So many diabetes patients—especially those diagnosed with Type 2 diabetes—believe that a little pill takes care of everything. In all fairness, the recent rash of TV commercials featuring happy people using miniaturized, painless, at-home blood sugar meters seems to put diabetes one notch beneath the sniffles. So it’s no great surprise that many newly diagnosed diabetes patients are shocked to learn that the disease can affect their whole body so profoundly. There is, however, much a diabetes patient can to do promote a healthier life and prevent complications—from shedding excess weight to staying active and most important of all, understanding that properly managing diabetes is a lifelong commitment.
KNOWLEDGE IS POWER
To help patients fully grasp what it takes to successfully manage diabetes, UHS endocrinologists, nurse practitioners, diabetes educators, registered nurses and registered dietitians are available for ongoing, compassionate support and education.
Brenda Kosydar, RN, BSN, CDE, diabetes nurse educator at the Diabetes and Endocrinology Center, often begins class with a statistic—a wakeup call—because initial confusion about diabetes is common. “Many patients say, ‘I don’t know why I’m here! All I have is a little sugar.’ I respond by explaining how they were diagnosed and what their labs mean, particularly the HbA1C or hemoglobin A1C test. One of the statistics we share is that 80 percent of people diagnosed with diabetes will die from cardiovascular disease.”
“I also say it doesn’t have to be that way if you manage your diabetes, whether Type 1 or Type 2,” she continues. “And eating healthy and exercising is the answer. Then the light bulb goes on. Suddenly everyone’s interested in meal planning, exercise programs and knowing what their hemoglobin A1C test results mean.”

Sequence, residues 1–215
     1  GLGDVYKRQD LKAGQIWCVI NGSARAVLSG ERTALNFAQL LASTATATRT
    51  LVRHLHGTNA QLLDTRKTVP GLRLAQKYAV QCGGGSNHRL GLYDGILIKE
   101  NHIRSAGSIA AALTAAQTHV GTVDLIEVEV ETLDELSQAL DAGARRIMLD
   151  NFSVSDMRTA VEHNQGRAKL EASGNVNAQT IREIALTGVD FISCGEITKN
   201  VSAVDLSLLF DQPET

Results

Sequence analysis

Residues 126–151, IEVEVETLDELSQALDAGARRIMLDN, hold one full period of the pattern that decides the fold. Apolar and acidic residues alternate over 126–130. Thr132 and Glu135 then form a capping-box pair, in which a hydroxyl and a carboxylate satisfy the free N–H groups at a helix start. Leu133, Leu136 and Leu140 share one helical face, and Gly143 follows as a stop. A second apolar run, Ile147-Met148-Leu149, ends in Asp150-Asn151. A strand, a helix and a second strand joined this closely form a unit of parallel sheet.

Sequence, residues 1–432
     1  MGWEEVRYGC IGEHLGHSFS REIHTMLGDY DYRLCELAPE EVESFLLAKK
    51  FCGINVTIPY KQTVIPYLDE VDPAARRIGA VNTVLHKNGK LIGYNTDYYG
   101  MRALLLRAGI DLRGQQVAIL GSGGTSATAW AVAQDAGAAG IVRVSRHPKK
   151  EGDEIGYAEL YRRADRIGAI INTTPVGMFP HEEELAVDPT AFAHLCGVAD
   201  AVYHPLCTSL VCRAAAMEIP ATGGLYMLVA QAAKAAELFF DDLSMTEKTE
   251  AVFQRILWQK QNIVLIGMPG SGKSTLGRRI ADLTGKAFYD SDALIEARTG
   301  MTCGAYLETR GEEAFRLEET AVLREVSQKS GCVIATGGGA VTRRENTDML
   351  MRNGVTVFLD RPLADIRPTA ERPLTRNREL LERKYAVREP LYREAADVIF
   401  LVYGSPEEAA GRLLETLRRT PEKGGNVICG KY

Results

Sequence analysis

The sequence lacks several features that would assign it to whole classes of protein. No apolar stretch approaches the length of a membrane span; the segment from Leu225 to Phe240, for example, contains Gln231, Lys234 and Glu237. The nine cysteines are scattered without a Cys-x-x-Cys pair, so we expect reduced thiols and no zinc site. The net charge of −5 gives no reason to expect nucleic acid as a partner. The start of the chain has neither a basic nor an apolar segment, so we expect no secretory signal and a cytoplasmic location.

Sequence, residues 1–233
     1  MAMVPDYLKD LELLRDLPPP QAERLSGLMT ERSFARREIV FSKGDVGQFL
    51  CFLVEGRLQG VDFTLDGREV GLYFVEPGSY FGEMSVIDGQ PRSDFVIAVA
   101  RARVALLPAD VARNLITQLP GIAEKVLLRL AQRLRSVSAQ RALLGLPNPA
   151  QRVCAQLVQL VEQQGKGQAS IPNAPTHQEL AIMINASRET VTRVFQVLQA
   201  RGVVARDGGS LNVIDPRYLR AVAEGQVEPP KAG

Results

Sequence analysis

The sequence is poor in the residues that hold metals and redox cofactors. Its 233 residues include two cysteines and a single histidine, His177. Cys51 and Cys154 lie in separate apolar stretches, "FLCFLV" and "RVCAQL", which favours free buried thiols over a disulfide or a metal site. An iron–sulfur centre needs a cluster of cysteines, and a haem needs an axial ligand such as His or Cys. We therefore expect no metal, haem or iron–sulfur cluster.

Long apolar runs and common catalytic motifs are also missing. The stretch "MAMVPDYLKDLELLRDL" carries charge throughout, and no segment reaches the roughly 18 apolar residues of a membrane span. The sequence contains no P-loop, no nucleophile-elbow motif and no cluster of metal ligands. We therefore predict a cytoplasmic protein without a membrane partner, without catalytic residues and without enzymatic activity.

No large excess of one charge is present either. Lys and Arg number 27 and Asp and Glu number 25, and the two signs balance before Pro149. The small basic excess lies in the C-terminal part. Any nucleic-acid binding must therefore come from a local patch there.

Understanding diabetes management is an essential step in treating the disease, says Jillene Brathwaite, DO, endocrinologist at UHS Wilson Medical Center. “This is a progressive disease with potential long-term complications. We can often control these complications, but only if the patient works with us, which can be very challenging. We’re usually asking patients to change lifestyle choices that were learned at a young age.”
To strengthen the educational impact, a patient’s communication loop includes every member on the patient’s team. “A patient’s blood glucose report begins with the educator, who advises the patient, but the report is also communicated across the board,” Dr. Brathwaite stresses. “We all know at all times where the patient’s health and diabetes management stands.”
Not everyone attending a UHS diabetes class is a newcomer to the disease. Beverly Cook, 68, was diagnosed with Type 1 diabetes in 1962 and was on insulin injections until 2011, when she received an insulin pump. To learn to use the pump, Ms. Cook started working with Ms. Kosydar.
“I download my blood sugar levels from the pump, into the computer, and send the numbers to Brenda,” Ms. Cook explains. “My nurse practitioner reviews the download with the physician and will order a change in the pumping protocol if needed. Brenda will then help me implement the change, and will keep my doctor informed. I have an A-1 team, and we have everything well managed.”
And if all is not being well managed, Ms. Kosydar and her fellow UHS diabetes educators are available for one-to-one consults. “Sometimes we have to regroup and ask the tough questions,” she says. “Did you lose weight? Are you checking your blood sugars at home? Did you start exercising? Fortunately, we have a great team across the UHS system, and everyone’s here to help get that patient back up and managing his or her diabetes.”
The primary test for diabetes, both Type 1 and Type 2, is a glycated hemoglobin test, often called an A1C. This blood test delivers your average blood sugar level over three months. An A1C level of 6.5 percent or higher is diagnostic of Type 2 diabetes. Another way to diagnose diabetes is with two separate fasting blood sugar tests over 125. An A1C level of 5.7–6.4 or fasting blood sugar levels on two separate occasions of 100–125 can indicate pre-diabetes. If diagnosed with diabetes, this test is typically repeated every three months.
Keeping up with a regular testing schedule can help prevent complications from diabetes. Throughout the year, your doctor will check your blood pressure and run blood and urine tests to assess your cholesterol levels and thyroid, liver and kidney function. It’s also important to have annual diabetic eye exams with an ophthalmologist as well as foot exams with a podiatrist.